If you’ve made it this far, maybe you’re wondering what new technologies enable the various 5G use-cases explored so far. This isn’t the place to get really deep into the weeds – the internet is littered with exhaustive whitepapers if that’s what you’re after – but Huawei’s Purdey offers a concise summary of the main innovations.
“Massive MIMO (Multiple Input Multiple Output) technology uses large antenna arrays to transmit and receive huge amounts of data simultaneously. This increases network capacity, meaning more devices can be connected in a given area.
“Beamforming technology focuses wireless signals directly at a specific device or location. This helps increase network efficiency and reduces interference. Millimetre wave allows faster data transfer rates and lower latency, albeit over a shorter distance.
“Network slicing facilitates multiple individual virtual networks within a larger network. Each virtual network can be optimized for a specific use case, enabling businesses to tailor their network to their specific needs.
“Edge computing allows data to be processed close to source, instead of transmitting it to a centralized data centre. This improves the performance of applications that require real-time data processing such as automated factories.”
That offers just a taste of the technological contortions the telecoms industry has gone through to bring you a bit more bandwidth and a bit less latency and there’s plenty more to it than that. “5G is also by far the most energy efficient of all the generations,” adds Ericsson’s Södergren. “It will be an enormous contributor to breaking the energy curve. By reducing network energy use, we can also help to reduce what is often businesses’ biggest operating cost.”
The best thing since sliced 5G
Of the innovations associated with 5G, network slicing seems to offer the greatest long-term potential. “With network slicing, mobile operators can carve out a dedicated slice of the network for specific use cases and deploy it in minutes,” says Kailem Anderson, VP of Portfolio and Engineering at Blue Planet, a software division of Ciena.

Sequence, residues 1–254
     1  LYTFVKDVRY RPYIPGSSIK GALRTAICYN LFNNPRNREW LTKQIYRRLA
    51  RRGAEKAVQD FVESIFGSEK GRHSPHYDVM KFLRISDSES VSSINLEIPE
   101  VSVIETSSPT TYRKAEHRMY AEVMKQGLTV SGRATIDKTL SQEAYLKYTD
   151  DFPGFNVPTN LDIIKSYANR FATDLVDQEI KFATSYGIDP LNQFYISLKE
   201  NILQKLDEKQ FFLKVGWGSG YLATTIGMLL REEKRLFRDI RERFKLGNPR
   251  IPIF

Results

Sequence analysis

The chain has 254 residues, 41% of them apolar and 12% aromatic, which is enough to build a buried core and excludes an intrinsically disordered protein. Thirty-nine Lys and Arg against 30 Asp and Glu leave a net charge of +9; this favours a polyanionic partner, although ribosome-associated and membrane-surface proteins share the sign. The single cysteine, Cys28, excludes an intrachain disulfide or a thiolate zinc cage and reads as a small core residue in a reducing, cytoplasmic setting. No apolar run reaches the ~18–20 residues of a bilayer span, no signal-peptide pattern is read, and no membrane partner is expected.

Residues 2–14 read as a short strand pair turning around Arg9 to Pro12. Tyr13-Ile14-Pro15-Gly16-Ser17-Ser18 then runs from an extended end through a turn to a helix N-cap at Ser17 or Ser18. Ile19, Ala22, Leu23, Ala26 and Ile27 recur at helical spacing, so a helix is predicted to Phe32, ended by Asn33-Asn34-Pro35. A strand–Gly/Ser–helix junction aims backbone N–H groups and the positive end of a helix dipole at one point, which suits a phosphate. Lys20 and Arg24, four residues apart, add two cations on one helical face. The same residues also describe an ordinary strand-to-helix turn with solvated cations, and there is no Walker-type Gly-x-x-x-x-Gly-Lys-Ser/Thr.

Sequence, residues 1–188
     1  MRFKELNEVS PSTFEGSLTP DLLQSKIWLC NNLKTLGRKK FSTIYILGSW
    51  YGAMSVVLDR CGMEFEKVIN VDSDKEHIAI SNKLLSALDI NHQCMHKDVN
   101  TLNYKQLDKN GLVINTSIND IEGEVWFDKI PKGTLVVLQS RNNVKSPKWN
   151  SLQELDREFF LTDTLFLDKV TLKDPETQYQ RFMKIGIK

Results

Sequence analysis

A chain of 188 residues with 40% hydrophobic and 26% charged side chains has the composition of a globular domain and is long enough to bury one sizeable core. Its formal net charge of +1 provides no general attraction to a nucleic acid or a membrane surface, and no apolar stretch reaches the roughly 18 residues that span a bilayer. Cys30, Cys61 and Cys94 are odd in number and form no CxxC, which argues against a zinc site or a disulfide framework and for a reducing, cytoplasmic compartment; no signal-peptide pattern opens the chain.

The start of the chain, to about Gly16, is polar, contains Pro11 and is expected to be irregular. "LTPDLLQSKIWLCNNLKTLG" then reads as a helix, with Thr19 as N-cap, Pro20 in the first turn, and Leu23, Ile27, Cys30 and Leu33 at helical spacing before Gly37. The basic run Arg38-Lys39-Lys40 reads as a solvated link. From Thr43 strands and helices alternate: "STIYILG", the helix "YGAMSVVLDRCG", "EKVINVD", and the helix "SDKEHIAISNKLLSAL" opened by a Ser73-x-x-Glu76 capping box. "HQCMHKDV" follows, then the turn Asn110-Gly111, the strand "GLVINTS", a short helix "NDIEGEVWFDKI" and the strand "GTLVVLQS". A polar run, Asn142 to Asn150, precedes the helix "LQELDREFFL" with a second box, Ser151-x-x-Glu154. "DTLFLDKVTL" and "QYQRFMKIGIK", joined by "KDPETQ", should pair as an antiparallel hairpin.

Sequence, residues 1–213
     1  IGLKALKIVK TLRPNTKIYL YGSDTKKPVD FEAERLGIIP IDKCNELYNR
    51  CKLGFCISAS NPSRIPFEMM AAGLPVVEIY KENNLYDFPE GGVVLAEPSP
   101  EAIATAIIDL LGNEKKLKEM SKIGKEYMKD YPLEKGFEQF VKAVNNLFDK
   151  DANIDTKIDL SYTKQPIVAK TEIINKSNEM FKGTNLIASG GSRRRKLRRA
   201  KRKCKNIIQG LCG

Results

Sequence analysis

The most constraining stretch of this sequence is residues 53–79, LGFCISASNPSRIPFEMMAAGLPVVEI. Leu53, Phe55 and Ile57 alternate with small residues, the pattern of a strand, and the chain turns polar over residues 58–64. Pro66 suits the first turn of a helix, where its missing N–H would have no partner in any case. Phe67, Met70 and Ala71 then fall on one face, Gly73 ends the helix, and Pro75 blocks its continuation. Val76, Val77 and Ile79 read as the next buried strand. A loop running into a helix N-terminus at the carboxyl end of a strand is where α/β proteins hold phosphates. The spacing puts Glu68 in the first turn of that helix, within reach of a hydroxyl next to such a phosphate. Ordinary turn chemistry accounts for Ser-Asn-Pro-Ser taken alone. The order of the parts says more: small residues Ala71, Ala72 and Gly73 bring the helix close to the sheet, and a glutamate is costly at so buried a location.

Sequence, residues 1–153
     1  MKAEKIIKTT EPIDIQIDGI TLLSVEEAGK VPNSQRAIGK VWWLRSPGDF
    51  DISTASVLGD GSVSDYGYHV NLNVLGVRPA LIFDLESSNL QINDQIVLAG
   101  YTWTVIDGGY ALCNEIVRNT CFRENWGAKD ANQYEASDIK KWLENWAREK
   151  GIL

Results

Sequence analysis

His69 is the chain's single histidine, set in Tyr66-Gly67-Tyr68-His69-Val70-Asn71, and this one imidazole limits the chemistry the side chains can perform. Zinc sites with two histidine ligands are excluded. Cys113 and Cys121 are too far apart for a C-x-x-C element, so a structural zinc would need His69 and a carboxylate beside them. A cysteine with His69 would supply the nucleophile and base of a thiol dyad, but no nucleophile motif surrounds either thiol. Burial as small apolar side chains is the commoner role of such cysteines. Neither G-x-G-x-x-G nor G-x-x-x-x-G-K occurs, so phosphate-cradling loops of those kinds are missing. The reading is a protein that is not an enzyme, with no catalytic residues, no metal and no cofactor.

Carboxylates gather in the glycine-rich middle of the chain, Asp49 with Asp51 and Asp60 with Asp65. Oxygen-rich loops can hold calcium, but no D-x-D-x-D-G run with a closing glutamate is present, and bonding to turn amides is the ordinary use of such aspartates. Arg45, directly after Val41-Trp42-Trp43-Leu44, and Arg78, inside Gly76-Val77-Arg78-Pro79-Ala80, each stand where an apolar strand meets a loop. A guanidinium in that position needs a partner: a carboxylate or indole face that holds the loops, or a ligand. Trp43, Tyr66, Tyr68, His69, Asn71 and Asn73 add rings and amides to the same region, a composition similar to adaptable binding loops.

“This will mean they can monetise the network better, by selling dedicated high-bandwidth slices for things like eSports tournaments or major concerts in stadiums, and then turn those slices off when the events are done. Network slicing, with its various use cases, is one of the most important technologies in 5G, and we can expect operators to start deploying full slicing services in the next 12-18 months.”
Tecnotree’s Ravichander concurs: “5G core has the potential to change monetisation models,” she says. “Enabling network slicing can allow CSPs to shed the traditional one-size-fits-all model and differentiate themselves with offerings that share a physical infrastructure. This ability to charge customers more for parts, or slices, of a network where monetisation is underpinned by premium performance and value generation, creates a platform for innovation and monetisation models.”
The end of the beginning of 5G
If it wasn’t already clear, this investigation into the nature of 5G will have revealed the dilemma each new generation of technology presents to the telecoms industry. On one hand it offers a one-in-a-decade opportunity to generate publicity and kickstart a new upgrade cycle for both networking kit and consumer devices. But that hype is very difficult to live up to, which inevitably results in a degree of back-pedalling.
“As with all big generational releases, the fanfare and hype at the start of the cycle is very rarely met by the initial release and deployment,” says Kendall of TechInsights.
“We are still in the early days of the 5G technology transition,” says Ericsson’s Södergren. Monetizing 5G requires building out networks in mid-band. Today, only 20% of sites are upgraded to mid-band, so the 5G build-ups need to continue to bring sufficient 5G coverage needed for the enhanced user experience, and for communications service providers fully benefiting from the technology.
“I think the most important thing for your readers to realize is that the roll-out is not complete,” concurs Ciena’s Alexander. “It’s a lot simpler to have your device display a 5G symbol because it may be using new frequencies that were assigned to 5G than it is to deliver a complete 5G experience.”
It’s easy to criticise the marketing departments of various companies across the telecoms industry for their over-exuberance, and at Telecoms.com we often do, but at the end of the day they’re just doing their jobs. On the other hand it’s incumbent on those same companies to delivery on those rash promises sooner or later.
“5G is not a single technology step-change,” says Qualcomm’s Tsirtsis. “It is a long pathway of incremental expansion.” We’re only three years into a ten-year cycle and previous generations only really started delivering in their more mature forms. So while we now have a clearer sense of what 5G is, it may still be some time before it has a significant impact on the wider world.